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Association genetics in Pinus taeda L. II. Carbon isotope discrimination

Abstract : Dissection of complex traits that influence fitness is not only a central topic in evolutionary research but can also assist breeding practices for economically important plant species, such as loblolly pine (Pinus taeda L). In this study, 46 single nucleotide polymorphisms (SNPs) from 41 disease and abiotic stress-inducible genes were tested for their genetic association with carbon isotope discrimination (CID), a time-integrated trait measure of stomatal conductance. A family-based approach to detect genotype/phenotype genetic association was developed for the first time in plants by applying the quantitative transmission disequilibrium test on an association population of 961 clones from 61 families (adopted from previous breeding programs) evaluated for phenotypic expression of CID at two sites. Two particularly promising candidates for their genetic effects on CID are: dhn-1, involved in stabilization of cell structures, and lp5-like, a glycine rich protein putatively related to cell wall reinforcement proteins, both of which were shown in previous studies to be water-deficit inducible. Moreover, association in lp5-like involves a nonsynonymous mutation in linkage disequilibrium with two other nonsynonymous polymorphisms that could, by acting together, enhance overall phenotypic effects. This study highlights the complexity of dissecting CID traits and provides insights for designing second-generation association studies based on candidate gene approaches in forest trees.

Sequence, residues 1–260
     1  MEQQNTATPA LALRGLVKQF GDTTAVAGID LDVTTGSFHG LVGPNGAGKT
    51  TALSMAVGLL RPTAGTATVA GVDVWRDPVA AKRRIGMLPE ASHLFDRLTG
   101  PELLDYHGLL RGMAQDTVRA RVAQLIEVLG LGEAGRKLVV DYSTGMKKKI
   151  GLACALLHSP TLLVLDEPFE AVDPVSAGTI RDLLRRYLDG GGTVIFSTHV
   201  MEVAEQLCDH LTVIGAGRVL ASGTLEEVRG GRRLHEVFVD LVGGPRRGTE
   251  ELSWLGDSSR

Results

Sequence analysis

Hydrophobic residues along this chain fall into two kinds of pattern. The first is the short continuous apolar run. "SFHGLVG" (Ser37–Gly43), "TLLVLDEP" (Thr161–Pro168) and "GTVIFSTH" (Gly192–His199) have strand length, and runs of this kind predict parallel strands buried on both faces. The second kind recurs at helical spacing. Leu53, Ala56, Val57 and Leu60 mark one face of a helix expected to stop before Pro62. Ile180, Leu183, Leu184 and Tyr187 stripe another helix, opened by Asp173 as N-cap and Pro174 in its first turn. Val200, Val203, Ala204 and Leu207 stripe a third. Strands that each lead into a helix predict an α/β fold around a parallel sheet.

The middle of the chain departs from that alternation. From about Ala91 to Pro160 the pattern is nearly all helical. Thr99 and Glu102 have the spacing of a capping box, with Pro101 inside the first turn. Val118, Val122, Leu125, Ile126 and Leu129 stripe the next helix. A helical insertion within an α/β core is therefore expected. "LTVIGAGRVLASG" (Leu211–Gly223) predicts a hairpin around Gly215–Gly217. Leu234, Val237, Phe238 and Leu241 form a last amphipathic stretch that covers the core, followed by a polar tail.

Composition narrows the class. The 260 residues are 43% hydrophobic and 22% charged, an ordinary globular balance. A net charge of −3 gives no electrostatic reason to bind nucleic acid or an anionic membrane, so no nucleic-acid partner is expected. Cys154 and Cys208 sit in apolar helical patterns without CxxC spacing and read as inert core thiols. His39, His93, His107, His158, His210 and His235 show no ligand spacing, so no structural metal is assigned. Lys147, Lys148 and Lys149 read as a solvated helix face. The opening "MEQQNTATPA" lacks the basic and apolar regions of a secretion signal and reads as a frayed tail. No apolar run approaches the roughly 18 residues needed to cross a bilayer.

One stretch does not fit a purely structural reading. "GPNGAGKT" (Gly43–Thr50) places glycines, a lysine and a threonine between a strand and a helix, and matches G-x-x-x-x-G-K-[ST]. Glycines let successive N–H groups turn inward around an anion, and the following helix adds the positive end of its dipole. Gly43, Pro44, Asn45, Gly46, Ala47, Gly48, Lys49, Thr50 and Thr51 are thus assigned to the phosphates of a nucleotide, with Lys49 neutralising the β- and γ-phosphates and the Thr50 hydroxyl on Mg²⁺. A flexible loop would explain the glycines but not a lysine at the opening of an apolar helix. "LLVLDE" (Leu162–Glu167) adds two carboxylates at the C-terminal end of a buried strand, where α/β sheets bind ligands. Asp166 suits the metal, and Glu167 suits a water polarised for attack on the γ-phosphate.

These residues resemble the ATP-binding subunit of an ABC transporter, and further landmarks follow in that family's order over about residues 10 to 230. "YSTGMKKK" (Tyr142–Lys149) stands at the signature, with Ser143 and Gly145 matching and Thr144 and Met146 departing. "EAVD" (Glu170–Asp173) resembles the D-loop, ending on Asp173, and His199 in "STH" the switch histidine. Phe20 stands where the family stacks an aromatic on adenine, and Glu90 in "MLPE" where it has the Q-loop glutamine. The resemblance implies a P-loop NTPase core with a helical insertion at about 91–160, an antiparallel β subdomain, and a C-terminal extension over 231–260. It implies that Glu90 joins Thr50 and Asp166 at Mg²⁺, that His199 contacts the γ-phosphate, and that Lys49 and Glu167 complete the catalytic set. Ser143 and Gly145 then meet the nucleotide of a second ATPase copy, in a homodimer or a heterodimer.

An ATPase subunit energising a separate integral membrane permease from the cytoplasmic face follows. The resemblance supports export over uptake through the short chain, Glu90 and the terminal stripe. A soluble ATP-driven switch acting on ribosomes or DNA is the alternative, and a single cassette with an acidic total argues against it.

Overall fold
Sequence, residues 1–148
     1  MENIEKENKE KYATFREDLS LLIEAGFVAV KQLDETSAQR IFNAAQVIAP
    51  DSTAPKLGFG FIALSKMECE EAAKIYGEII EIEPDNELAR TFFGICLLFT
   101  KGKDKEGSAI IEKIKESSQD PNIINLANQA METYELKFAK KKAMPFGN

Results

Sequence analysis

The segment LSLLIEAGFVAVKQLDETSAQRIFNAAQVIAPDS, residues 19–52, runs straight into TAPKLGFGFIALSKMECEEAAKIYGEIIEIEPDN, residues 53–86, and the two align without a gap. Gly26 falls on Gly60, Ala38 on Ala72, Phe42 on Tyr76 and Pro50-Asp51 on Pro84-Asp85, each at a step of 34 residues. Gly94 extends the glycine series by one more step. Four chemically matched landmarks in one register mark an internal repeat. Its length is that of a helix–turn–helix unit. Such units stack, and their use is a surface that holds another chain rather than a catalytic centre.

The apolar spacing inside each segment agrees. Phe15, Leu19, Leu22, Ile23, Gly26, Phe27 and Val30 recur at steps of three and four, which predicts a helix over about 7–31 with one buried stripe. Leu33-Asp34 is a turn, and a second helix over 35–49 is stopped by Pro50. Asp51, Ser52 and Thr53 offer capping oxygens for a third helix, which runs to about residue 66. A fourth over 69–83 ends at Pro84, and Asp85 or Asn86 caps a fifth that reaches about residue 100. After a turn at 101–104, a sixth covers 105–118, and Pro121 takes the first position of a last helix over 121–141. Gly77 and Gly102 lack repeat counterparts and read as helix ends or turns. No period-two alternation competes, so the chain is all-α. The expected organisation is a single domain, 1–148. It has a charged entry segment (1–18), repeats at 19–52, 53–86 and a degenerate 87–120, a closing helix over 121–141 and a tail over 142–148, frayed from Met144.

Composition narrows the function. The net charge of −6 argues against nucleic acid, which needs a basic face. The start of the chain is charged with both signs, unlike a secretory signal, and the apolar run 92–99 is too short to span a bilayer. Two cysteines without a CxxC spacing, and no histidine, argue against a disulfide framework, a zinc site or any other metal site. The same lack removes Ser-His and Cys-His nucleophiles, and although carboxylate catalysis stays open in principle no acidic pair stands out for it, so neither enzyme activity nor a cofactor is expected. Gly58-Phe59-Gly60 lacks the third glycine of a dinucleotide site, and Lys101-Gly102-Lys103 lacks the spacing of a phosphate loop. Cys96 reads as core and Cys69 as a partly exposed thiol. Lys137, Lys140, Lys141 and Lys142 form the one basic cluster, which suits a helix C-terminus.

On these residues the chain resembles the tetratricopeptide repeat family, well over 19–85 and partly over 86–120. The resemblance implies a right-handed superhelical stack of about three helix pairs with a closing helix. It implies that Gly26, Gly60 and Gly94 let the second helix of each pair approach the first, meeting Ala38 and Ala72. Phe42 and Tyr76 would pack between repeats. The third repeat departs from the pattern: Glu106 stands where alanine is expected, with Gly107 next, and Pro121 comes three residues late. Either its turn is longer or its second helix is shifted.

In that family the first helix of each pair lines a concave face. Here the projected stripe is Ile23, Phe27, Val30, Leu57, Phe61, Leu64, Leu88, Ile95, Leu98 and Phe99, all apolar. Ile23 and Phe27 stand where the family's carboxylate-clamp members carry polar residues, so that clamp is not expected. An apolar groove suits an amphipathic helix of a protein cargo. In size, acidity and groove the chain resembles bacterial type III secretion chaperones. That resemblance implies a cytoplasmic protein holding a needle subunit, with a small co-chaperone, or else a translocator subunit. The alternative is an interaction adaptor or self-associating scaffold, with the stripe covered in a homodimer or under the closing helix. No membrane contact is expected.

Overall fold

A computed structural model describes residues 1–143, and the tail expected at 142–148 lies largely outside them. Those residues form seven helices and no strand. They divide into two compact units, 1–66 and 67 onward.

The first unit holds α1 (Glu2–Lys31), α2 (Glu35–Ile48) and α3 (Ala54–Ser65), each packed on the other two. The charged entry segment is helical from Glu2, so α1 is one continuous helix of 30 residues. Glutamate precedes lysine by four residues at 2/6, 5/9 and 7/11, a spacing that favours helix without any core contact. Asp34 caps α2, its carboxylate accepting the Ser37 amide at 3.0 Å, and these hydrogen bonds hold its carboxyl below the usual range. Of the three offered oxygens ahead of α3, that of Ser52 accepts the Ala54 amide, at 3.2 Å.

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Santiago C. González-Martínez, D. Huber, E. Ersoz, J. M. Davis, D. B. Neale. Association genetics in Pinus taeda L. II. Carbon isotope discrimination. Heredity, Nature Publishing Group, 2008, 101 (1), pp.19-26. ⟨10.1038/hdy.2008.21⟩. ⟨hal-02657786⟩



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